Child Development
Babies grow and develop at a very rapid rate during the first year of life. They
grow physically, mentally, emotionally, and socially. In this paper I will
discuss the physical growth and development patterns of an infant all the way
through adulthood. Development is the baby's increased skill in using various
body parts. When dealing with a development of a child there are three basic
development rules. First development rule: This rule says that babies develop in
the head region first, then the trunk, and lastly in the legs and feet. For
example, a baby can hold up their head before they can grasp an object with
their hand. Also they can feed themselves before they can walk. Second
development rule: The second development rule explains that children develop
from the mid line, or center of the body, outward toward the fingers and toes.

Third development rule: Finally, this rule reveals that, as the brain develops,
a child responds to more and more sights and sounds in their environment.

Furthermore, they learn to respond to much finer details. A general rule is that
a baby increases in height by 50% and triples its birth weight in the first
year. Clearly, this is a very rapid growth rate; however, the rate of growth
slows down after infancy. At three months, a baby is alert and responding to the
world. When put on their tummy, they can hold their chest and head up for ten
seconds. They try to swipe at toys hung over the crib. They turn their heads
toward an interesting sound or listen to voices. Babies love to stare at
people's faces. They coo and gurgle. At six months a baby is developing control
over its body. They can sit with support and may sit alone for short periods of
time. They can roll over. They will hold out their arms to be lifted up or reach
and grab an object. They can hold their own bottles and toys. They laugh out
loud, babbles, "calls" for help and screams when annoyed. At nine
months babies are exploring their environment. They can sit unassisted, crawl,
pull to a stand and sidestep along furniture. They can use their fingers to
point, poke, and grasp small objects. They feed themselves finger foods. Babies
know their names and respond to simple commands. She babbles a pattern as if she
were speaking a foreign language. At twelve months a baby is striving for
independence. They stand and may walk by themselves. They climb up and down
stairs and out of the crib or playpen. They prefer using one hand over the other
and can drop and throw toys. They fear strange people and places. They remember
events, expresses affection, shows emotion, uses trial and error to solve a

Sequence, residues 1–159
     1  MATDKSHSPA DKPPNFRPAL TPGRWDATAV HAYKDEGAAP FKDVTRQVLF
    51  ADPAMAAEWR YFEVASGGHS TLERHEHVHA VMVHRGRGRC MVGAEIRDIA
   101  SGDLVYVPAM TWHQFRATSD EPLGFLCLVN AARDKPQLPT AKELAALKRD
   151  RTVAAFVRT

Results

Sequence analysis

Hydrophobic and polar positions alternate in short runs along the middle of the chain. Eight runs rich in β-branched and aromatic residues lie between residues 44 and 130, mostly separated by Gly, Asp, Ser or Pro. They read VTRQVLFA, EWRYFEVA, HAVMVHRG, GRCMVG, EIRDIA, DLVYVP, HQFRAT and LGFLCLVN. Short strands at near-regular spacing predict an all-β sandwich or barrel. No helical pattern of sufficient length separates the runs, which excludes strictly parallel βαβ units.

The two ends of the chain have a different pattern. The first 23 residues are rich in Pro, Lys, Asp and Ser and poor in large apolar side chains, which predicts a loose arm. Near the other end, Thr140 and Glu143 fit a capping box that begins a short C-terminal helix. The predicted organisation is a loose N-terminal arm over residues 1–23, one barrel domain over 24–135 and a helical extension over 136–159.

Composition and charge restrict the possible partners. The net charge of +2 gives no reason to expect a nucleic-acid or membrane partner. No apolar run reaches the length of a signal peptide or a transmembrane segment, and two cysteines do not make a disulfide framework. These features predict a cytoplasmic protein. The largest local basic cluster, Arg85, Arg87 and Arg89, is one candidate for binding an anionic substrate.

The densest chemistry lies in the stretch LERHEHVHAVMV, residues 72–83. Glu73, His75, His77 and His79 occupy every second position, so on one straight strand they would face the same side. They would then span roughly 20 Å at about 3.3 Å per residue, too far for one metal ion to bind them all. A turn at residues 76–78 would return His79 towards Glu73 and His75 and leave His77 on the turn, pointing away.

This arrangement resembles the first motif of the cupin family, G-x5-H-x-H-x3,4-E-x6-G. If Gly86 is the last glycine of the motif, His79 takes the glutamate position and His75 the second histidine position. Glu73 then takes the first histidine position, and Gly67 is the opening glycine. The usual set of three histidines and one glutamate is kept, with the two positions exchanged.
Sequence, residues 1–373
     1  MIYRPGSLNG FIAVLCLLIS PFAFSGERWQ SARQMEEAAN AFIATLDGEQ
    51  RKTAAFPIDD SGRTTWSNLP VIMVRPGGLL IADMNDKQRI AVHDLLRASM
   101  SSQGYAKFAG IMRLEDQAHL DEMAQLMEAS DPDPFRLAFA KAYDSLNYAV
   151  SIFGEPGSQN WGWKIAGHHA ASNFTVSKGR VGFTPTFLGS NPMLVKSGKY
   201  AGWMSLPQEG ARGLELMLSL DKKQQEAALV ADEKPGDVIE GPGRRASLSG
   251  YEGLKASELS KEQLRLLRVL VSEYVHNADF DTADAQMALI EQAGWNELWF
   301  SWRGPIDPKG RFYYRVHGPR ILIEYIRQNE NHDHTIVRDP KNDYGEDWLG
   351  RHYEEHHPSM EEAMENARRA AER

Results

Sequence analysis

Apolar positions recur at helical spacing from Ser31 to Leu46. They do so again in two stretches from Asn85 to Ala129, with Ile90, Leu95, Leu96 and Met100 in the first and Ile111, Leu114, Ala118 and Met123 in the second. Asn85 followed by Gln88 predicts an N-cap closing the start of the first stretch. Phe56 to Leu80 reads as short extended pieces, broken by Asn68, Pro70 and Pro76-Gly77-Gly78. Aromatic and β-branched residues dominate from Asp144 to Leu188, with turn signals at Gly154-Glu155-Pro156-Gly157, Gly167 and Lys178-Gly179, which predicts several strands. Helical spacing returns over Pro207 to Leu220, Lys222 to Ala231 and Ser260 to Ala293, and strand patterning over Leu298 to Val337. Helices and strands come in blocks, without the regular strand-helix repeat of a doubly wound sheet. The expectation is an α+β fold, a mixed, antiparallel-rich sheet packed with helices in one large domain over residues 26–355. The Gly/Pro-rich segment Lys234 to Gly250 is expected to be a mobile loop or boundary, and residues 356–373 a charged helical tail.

problem. Babies that aren't so healthy do not develop as fast or as much as
normal babies. For example, Fetal Alcohol Syndrome is a problem that is
increasing all across America. Fetal Alcohol Syndrome is the effect of pregnant
women drinking alcohol. Fetal Alcohol Syndrome (FAS) is the leading cause of
retardation. It affects more than 8,000 babies in the U.S.A. every year. FAS is

100% preventable; however, because of their mother's decision to drink alcohol
during pregnancy, none of the thousands of affected babies had the chance to be
born normal. FAS birth effects include facial abnormalities, growth deficiency,
or brain damage. FAS children need guidance because they are easily distracted
and forgetful. FAS does not go away because brain damage and birth defects are
permanent. Mental retardation's permanent and irreversible, behavioral problems
are permanent. All of these problems associated with FAS and drug abuse are
permanent. Moving on past the infant stage and into the adolescence and puberty
stages, this is where children start becoming young adults and many new
developments begin to occur. This is also a time when youth start wanting their
independence and begin to challenge societal values in the form of rebellion,
act, and dress radically and form groups. These actions against the structure of
existing society promote the beginning of independence that reflect their own
rules, structures, class, gender, and ethnic groups. So, the youth culture, in
challenging society's values, at the same time is reflecting them. Expectations
of the children change as they get older. They know what is expected of them and
want to follow the rules; However, due to peer pressure and other issues, some
children will often break the rules. Many teenagers come from broken homes and
poor communities with little respect for authority. They rebel against what they
feel is an